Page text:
The U.S. delegation visiting Israel for the opening includes the president’s daughter and son-in-law, Ivanka Trump and Jared Kushner, along with Deputy Secretary of State John J. Sullivan, Treasury Secretary Steven Mnuchin, Special Representative for International Negotiations Jason Greenblatt, and Ambassador David Friedman.

On Sunday, that group dined with Prime Minister Benjamin Netanyahu on Monday, the Israeli leader also welcomed Florida Gov. Rick Scott, along with members of Congress, including Sen. Lindsey Graham and Rep. Joe Wilson.

As NPR’s Camila Domonoske reported when Trump announced the change in December, the president said that “his announcement does not mean the U.S. is taking a position on any possible future peace negotiations between Israelis and Palestinians or on the ‘final status’ of Jerusalem after such talks.”

“Today we finally acknowledge the obvious,” Trump said. “This is nothing more or less than a recognition of reality.”

To thank Trump for his decision, Jerusalem’s mayor, Nir Barkat, renamed a square near the new U.S. outpost. Secretary Mnuchin received a plaque today bearing its new name: “United States Square in honor of President Donald J. Trump.”

Indonesian Christian Church-Bombing Family Recently Returned ISIS Volunteers In Syria

Indonesia church attacks: Family of bombers ‘had been to Syria’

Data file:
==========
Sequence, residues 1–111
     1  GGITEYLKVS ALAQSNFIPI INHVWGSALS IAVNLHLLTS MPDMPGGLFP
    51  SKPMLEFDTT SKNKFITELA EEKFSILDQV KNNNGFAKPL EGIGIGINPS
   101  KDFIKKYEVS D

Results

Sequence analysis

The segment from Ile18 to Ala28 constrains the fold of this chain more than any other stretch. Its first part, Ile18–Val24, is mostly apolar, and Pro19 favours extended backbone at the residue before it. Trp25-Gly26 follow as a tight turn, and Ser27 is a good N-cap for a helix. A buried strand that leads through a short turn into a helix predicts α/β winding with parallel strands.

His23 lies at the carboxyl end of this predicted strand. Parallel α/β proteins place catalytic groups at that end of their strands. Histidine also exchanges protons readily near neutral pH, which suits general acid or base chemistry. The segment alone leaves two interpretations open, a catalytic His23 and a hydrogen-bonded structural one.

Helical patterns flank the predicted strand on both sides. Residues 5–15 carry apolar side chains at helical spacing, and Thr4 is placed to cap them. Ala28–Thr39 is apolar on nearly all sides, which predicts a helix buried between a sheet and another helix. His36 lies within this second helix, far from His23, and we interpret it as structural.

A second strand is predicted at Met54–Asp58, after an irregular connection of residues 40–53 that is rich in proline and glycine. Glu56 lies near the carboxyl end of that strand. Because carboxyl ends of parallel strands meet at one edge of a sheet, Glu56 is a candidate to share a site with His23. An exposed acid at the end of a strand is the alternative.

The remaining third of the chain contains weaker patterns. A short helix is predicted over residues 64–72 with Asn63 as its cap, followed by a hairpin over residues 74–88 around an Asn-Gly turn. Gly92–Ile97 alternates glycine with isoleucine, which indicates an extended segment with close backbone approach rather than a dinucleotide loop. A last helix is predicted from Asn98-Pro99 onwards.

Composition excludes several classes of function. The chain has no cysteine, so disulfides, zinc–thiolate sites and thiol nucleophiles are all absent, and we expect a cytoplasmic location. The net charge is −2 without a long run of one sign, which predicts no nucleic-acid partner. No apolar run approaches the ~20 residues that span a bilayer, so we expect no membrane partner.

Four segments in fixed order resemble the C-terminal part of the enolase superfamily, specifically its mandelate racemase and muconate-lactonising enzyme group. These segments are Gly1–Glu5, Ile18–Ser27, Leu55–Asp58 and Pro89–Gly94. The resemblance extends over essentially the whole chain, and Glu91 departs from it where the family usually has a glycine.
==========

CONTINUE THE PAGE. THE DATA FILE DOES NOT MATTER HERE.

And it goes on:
The police said the family were among hundreds of Indonesians, who had returned from Syria, where IS has been fighting government forces.

Debris are seen outside Santa Maria church where an explosion went off in Surabaya, East Java, Indonesia. (AP)



JAKARTA: A family of six, who carried out three church bombings in Indonesia killing 13 persons, had returned from Syria, police said.

The Islamic State (IS) terror group has claimed responsibility for the attacks that took place on Sunday, the BBC reported.

A mother and two daughters blew themselves up at a church, while the father and two sons targeted two others in Indonesia’s second city, Surabaya.

National police chief Tito Karnavian said they belonged to an IS-inspired network, Jemaah Ansharut Daulah (JAD).

The police said the family were among hundreds of Indonesians, who had returned from Syria, where IS has been fighting government forces, the BBC reported.

No details were given about the family’s alleged involvement in that conflict.

The bombings are the deadliest in Indonesia in more than a decade, and also left more than 40 people injured.

Visiting the scene of one of the attacks, President Joko Widodo described them as “barbaric”, adding that he had ordered police to “look into and break up networks of perpetrators”.

The police identified the father as Dita Oepriarto, saying he was the head of a JAD cell in the area. He reportedly dropped off his wife, Puji Kuswati, and their two daughters — aged nine and 12 — at Diponegoro Indonesian Christian Church, where they blew themselves up.

He then drove off, launching his own bomb-laden car into the grounds of Surabaya Centre Pentecostal Church, the police said.

The sons — aged 16 and 18 — rode motorcycles into Santa Maria Catholic Church, and detonated explosives they were carrying. It was their attack that came first, at around 7.30 a.m. The other two attacks followed five minutes apart, the police said.

Later on Sunday, another bomb exploded at an apartment complex in Surabaya, killing three persons. East Java’s police chief, Mahfud Arifin, said that those killed were the perpetrators, not victims.

It is not yet known if this bombing was connected to the other attacks.

Officials reportedly foiled attacks against other churches, too. Also on Sunday, police said they killed four suspected members of JAD in Cianjur, in West Java province, and arrested two others.